But as organizations begin to use the cloud for IaaS, the network can potentially break down because standard Internet connections are not built to handle the substantial amounts of information in storage nor the virtual machines now being transferred between data centers. The New Service Provider will need to deploy Carrier Ethernet and packet optical systems to provide the scalability and low latency required by IaaS workloads. And network hypervisor software are essential to virtualize network capacity, which will provide more efficient multi-tenant provisioning, automation and workload orchestration.

The New Service Provider can then leverage the network to increase revenue potential by building new, "cloud-born" applications that operate seamlessly whether physically located in an enterprise data center or in a cloud provider data center.

Today the cloud offers an "unlimited" processing platform with better operating characteristics for cost per CPU cycle, output formatting, input/output and storage. Server virtualization now allows logical units of workload to be orchestrated back and forth in real time both within the data center and also to the cloud. This gives a developer the choice to swing a complicated or CPU-intensive process out to a cloud provider like Amazon for more efficient processing on Amazon's "infinite" amount of servers, then bring the results back in-house. Some of Amazon's customers use this capability for CPU-intensive graphics and video rendering tasks.

Other examples of "cloud born" applications will emerge as developers take advantage of the new cloud-based tools and advanced networking. In much the same way that the cellphone maturation to smartphones drove the development of fourth-generation wireless networks, these new cloud applications will drive networking beyond standard Internet connections to support the delivery of new cloud-based applications.

The pay-off

The New Service Provider will be able to capitalize on the next stages of the cloud era enabled by software driven networking. The next-generation applications will take advantage of tight integration with the cloud platform stack, new tools for security and management integrated through APIs, and tight network integration of on-demand bandwidth, automated deployment and service-level orchestration. Optimization of cloud operations over cloud backbone networks will provide the resiliency and performance management required of next generation applications.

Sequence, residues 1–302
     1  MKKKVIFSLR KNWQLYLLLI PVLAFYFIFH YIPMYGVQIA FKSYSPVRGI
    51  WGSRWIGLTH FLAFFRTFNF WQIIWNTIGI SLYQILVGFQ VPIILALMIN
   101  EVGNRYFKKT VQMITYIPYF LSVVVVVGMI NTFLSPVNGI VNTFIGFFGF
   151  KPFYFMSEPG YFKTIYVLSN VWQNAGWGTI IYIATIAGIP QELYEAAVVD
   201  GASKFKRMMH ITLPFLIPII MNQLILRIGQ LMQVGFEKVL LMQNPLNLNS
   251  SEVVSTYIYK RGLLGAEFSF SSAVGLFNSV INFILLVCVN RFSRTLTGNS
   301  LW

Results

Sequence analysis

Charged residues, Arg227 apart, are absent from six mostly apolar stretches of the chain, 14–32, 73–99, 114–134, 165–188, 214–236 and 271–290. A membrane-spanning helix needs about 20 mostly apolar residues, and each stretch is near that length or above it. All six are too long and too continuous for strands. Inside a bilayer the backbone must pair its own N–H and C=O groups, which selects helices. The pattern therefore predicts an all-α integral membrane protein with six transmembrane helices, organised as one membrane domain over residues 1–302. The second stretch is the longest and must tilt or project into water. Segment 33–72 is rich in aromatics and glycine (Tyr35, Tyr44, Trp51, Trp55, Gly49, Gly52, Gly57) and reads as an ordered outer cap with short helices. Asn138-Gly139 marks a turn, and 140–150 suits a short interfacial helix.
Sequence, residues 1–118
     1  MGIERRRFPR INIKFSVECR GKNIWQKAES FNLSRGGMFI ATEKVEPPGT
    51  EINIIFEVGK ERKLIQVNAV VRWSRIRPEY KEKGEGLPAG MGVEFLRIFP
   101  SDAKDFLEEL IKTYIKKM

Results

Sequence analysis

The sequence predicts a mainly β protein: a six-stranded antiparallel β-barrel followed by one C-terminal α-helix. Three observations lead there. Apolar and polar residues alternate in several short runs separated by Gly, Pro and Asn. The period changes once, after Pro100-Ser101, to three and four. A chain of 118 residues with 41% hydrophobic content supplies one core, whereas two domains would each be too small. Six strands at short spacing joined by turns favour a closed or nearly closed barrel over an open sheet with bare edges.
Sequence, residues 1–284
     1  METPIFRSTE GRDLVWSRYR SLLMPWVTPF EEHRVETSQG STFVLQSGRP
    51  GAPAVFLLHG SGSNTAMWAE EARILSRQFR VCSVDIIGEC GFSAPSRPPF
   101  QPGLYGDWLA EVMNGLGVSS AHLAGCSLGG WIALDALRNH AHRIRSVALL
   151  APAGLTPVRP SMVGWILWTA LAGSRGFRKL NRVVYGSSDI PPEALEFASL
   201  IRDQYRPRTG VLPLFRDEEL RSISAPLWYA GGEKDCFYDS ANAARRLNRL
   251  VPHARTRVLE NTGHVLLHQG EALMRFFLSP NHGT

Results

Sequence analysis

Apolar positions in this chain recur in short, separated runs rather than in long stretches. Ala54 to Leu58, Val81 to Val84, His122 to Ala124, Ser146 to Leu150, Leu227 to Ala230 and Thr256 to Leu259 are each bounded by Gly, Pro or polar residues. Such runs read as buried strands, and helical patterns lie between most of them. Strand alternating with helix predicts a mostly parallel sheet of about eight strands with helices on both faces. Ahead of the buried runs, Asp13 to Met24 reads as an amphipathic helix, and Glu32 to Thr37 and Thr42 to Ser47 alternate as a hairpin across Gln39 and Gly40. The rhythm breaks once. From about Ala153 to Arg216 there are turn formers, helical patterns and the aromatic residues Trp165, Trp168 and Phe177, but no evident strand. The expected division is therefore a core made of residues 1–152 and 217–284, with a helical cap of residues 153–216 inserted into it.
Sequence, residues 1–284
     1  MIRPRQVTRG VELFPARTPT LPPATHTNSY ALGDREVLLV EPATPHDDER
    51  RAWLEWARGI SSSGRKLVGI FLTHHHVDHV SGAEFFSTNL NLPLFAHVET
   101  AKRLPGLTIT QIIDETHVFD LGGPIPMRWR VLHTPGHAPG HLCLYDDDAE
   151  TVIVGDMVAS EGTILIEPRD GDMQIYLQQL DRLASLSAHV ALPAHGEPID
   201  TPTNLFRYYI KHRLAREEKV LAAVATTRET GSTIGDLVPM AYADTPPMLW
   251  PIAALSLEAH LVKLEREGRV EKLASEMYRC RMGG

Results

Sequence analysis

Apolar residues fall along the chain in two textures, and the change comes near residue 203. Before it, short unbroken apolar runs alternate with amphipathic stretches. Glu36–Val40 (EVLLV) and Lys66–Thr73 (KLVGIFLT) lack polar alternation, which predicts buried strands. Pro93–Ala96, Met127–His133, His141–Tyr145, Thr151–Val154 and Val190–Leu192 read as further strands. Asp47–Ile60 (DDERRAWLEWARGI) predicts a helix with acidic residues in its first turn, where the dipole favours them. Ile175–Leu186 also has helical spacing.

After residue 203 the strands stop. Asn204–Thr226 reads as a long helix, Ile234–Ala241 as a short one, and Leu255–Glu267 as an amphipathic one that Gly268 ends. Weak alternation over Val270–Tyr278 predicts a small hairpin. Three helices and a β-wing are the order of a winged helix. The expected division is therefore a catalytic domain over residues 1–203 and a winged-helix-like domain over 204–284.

With these new tools, the cloud provides a significant opportunity for small and midsize organizations with data centers less than 1,000 square feet by collapsing their servers and storage into the cloud. The new network to the cloud will change their IT business model, making it more efficient, less costly and more secure.

Larger enterprises and government organizations will also experience the benefits of a cloud backbone network between existing data center facilities and external cloud service providers. Enterprise IT organizations will have much greater agility and flexibility to deploy the workload for the business where it makes the most sense. The operating mantra for these organizations can be summarized as, "own the base, rent the spike."

The New Service Providers will take the business beyond just bandwidth (or dumb pipes), to a more integrated approach to information processing. They will accelerate and expand cloud deployments by enabling more innovative applications that take advantage of the advanced cloud networking and integration of all the cloud components.

Ciena is the network specialist, collaborating with customers worldwide to unlock the strategic potential of their networks and fundamentally change the way they compete. With focused innovation, Ciena brings together the reliability and capacity of optical networking with the flexibility and economics of Ethernet, unified by a software suite that delivers the industrys leading network automation.